With little public discussion of the matter among Sag Harbor Village Board members or residents, two police officer positions were written out of the village budget in a meeting last Thursday morning.
As the newest hire, David Driscoll, who was honored in January as the department’s officer of the year, will be off the force at the end of May, to the chagrin of Police Chief Tom Fabiano, who voiced his disapproval and disappointment before, during, and after the meeting. The other position had been filled by Officer Michael Gigante, who left the department in December because of Mayor Brian Gilbride’s threat to use police from neighboring towns to patrol the village.
The $8.78 million budget reflects a 2.57-percent increase over last year’s. It was adopted unanimously by the board of Mayor Gilbride, Deputy Mayor Edward Gregory, Kevin Duchemin, and Robby Stein.
Any reduction in the number of officers will limit the ability to respond to emergency calls, Chief Fabiano said at an April 3 hearing, adding in an interview on Friday that he was sickened by the process and the outcome. He is concerned about filling the shifts, which is a challenge already, he said, with vacations, sick days, and disability. The remaining 10 officers on patrol include Jeff Proctor, a detective whose investigation time is usually not considered part of the on-the-street force, Chief Fabiano said.
At last Thursday’s meeting, and repeatedly in interviews, Chief Fabiano said he was frustrated that no board member had discussed with him how the reduction would affect the safety of the village and his officers, from a lack of backup for one-man shifts to slower response times.
Contract negotiations between the village and the Sag Harbor Police Benevolent Association have been unsuccessful for almost two years, and the matter is now in arbitration. Patrick Milazzo, a village police officer and P.B.A. representative, told The Star in an e-mail that if Mayor Gilbride’s assessment of the cost of an officer is correct, $187,000 per year including retirement and benefits, an average resident would pay $51.52 per year, or $4.28 per month, to keep that officer.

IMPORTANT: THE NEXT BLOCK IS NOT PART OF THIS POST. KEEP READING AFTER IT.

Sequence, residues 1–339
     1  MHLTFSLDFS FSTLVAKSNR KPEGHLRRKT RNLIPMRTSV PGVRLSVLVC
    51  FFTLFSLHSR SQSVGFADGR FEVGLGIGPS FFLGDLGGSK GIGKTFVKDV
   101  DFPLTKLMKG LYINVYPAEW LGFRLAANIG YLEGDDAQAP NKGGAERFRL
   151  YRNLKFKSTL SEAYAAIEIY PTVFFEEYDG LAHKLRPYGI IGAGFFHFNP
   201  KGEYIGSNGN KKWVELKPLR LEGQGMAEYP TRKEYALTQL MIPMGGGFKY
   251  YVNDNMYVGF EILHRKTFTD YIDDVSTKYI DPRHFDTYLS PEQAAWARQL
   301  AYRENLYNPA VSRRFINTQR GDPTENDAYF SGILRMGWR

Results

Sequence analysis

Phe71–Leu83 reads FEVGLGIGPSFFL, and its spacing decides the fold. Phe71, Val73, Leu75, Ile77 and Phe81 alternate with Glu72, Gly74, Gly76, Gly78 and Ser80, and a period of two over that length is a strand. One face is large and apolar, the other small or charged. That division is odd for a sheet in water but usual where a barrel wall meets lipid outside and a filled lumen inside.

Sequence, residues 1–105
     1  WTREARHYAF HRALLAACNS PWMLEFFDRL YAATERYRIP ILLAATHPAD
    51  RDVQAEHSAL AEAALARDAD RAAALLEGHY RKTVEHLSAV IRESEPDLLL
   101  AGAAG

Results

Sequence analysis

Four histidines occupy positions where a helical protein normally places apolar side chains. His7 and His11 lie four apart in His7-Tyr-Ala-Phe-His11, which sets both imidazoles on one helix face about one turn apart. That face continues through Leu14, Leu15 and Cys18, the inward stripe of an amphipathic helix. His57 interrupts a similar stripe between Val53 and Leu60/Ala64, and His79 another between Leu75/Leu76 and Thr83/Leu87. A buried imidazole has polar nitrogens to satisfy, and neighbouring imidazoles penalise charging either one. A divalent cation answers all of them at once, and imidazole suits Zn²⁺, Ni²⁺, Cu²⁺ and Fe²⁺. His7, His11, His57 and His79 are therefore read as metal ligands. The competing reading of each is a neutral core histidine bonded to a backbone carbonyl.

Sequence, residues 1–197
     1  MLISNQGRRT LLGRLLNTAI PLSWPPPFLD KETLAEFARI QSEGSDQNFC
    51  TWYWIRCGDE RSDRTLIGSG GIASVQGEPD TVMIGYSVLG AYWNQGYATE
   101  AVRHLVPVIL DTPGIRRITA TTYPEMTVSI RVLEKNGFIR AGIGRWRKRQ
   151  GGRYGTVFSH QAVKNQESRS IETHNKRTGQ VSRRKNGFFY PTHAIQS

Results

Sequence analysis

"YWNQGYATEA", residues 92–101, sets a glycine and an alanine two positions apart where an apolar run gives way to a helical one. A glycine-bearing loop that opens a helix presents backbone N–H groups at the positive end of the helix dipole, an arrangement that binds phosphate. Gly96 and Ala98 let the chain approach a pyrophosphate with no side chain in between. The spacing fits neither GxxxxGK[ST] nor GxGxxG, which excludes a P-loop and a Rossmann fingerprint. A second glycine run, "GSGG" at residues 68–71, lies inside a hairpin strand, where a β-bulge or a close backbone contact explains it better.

Overtime, which, Chief Fabiano said at a March meeting, had already reached around $60,000 with one officer out, could be as much as $300,000, he estimated last Thursday.
Mayor Gilbride disagreed with the figure, and with the fact that the reduction would regularly affect a two-person shift.
“Medical has increased 10 or 12 percent for the last two years, with no raises,” Mayor Gilbride said at the April 3 hearing, suggesting that the void be filled with part-time officers and, if need be, overtime.
Officer Driscoll went above and beyond his duties as a police officer, he told The Star on Tuesday. In addition to his work with Suffolk County’s East End D.W.I Task Force, he initiated projects that included state grants to buy child-safety seats, his certification as a technician to assist parents and caregivers in their proper installation, and providing seats at no charge to those who can’t afford them.
Officer Driscoll worked on bicycle patrol in the summer months. He acquired free bike helmets for kids in need, and instructed students at the Sag Harbor Elementary School in their use.
Chief Fabiano said yesterday that he wished Mayor Gilbride had tried to reduce expenses in the budget, “instead of just cutting two positions.”